Adoption, promotion and implementation
3. The product – contents of an AONB Management Plan
3.4. Format and presentation
3.4.1. Design matters
AONB partnerships will almost certainly want to employ the services of a professional designer, at least to advise on layout, if not to contribute to the entire production process. Designers can only be as good as the brief they are given, and so authors need to explain carefully what they hope to achieve with the Plan, in terms of impression and readability. Avoid trying to do the designer’s job for them, by specifying too precisely what the finished product will look like. The following advice is intended to indicate the range of issues that need to be discussed with the designer, particularly for those unused to producing this type of document.
First impressions of the Plan are important. This is true both for the consultation draft as well as the final Plan. Content and design are interdependent, so the broad features of a design should be determined at the same time as decisions are made about Plan content. It is important that these decisions are made in the light of the intended readership and functions of the Plan.
Issues to be considered include:
•Format: A4 is universally popular because experience has proved it
to be convenient in many situations - in the field, in a briefcase, at a meeting, or reading on a train. In book form, portrait format also tends to be favoured, although many Action Plans in particular are produced in landscape format allowing a number of columns (covering actions, date, by whom, code etc.) to be easily accommodated.
•Font size: Very small fonts make life difficult for people whose
eyesight is less than perfect, and make the Plan more intimidating to many readers. 11 pt is to be favoured for the main text, and certainly no smaller than 10 pt. A hierarchy of font sizes should be used for chapter headings, sub-headings, and for captions to photographs or figures.
•Columns and white space: Two columns per page (or three if using
landscape format) increase readability, and one wide margin (possibly used for headings, signposts or callouts) may also make the plan more attractive.
•Colour: Full colour throughout may be prohibitively expensive,
although this may be seen justified expenditure. It could be adopted at least for the cover and perhaps some internal pages. Other pages could be just black and one colour which can be used at a range of tones. If you expect people to photocopy parts of the plan, or download it from your website and then print it out perhaps in black and white (see Appendix 4 on page 104), then ensure that all text is in black.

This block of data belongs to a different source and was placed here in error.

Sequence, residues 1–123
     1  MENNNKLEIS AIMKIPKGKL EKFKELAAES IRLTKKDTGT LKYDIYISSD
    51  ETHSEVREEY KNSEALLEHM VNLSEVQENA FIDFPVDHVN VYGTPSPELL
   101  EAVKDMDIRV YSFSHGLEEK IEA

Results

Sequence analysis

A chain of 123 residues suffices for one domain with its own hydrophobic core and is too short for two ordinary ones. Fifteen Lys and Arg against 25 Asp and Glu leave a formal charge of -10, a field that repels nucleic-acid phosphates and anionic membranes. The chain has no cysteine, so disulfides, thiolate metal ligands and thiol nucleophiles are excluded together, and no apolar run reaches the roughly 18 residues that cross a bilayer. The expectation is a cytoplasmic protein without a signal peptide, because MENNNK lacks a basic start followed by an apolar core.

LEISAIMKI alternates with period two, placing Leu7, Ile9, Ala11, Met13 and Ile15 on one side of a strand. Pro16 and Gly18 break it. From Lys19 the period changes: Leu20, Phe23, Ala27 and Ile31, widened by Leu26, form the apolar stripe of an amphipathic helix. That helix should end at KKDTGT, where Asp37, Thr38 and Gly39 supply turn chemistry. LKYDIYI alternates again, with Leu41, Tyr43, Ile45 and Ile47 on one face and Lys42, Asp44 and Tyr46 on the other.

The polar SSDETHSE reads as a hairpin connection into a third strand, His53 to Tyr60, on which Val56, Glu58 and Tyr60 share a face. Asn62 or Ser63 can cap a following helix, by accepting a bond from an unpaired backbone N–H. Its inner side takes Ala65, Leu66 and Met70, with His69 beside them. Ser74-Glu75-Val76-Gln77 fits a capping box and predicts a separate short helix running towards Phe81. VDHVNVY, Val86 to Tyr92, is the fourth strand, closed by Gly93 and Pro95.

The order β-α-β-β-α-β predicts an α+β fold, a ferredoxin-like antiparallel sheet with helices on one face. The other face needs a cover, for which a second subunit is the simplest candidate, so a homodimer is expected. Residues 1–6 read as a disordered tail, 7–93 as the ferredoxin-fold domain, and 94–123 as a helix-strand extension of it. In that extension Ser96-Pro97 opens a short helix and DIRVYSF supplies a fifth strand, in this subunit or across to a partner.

•Maps: A great deal of information can be summarised on well
presented maps, and they can also convey a sense of place very effectively. Maps can show:
–The AONB in a regional context.
–Landscape Character Areas.
–Historical Landscape Assessment.
–Designated nature conservation sites.
–Historical and archaeological sites.
–Physical attributes e.g. topography, geology, geomorphology,
rivers and lakes.
–Countryside recreation sites, e.g. country parks, picnic sites,
–Public Rights of Way and permissive paths, including National
Trails, national cycle network and other long distance routes. All maps are copyright and the permission of the copyright holder is required to reproduce them. Many local authorities will have a licence allowing them to copy Ordnance Survey maps. The owner of the copyright should be clearly indicated on the map.
•Photographs and line drawings: These will add greatly to the
overall impression of the Plan, and can be used as a vehicle to sell what is special about the AONB.
•Pullouts and pockets: These are useful ways of getting round the
limitations of adopting an A4 format. A3 pullouts are particularly useful for maps, actions plans or summary tables. A pocket may be useful for documents which will need to be updated, for example an annual Action Plan.
•Publication on the Internet: This can be a cheap way to make the
Plan accessible to many people. It does however have design implications, for example the use of columns means that readers will constantly have to scroll up and down the screen if they don’t want to print off a copy. Appendix 4 Information technology in AONB management on page 104 provides further information. Budget considerations will quickly come to the fore when considering design and printing options, and the quality of the product obtained tends to reflect how much money is allocated to the job. When budgeting for this element of Plan production costs of design/editing, illustration and photography, as well as printing, should be taken into account.
Finally never underestimate the importance, and time required, for thorough proof-reading.
The Norfolk Coast annual Action Plan is stapled and photocopied card and paper which can be produced each year at very little cost.
Both the full Plan and any summary document should be written in plain accessible English. Long sentences should be avoided, and the document should be as concise as possible. Use only widely
understood words, or where this in not possible offer a clear definition of any jargon or local terms. A professional editor or writer (e.g. a local journalist) can help with both drafting and a final edit to ensure the document is easy to read.
To an extent the writing style will have to be a compromise, given the different audiences of the Plan. Local authority planners, for example, will be looking for absolute clarity, perhaps in the style of their own Development Plan. A more persuasive, journalistic style might be appropriate and most effective with individual landowners. The whole document is presented in landscape format. The back pocket contains
the Action Plan and a leaflet detailing links between the Kent Downs AONB and the Boulonnais ‘Parc Naturel Régional’ in France. There is space in the
pocket for progress reports and updated Action Plans as they are produced.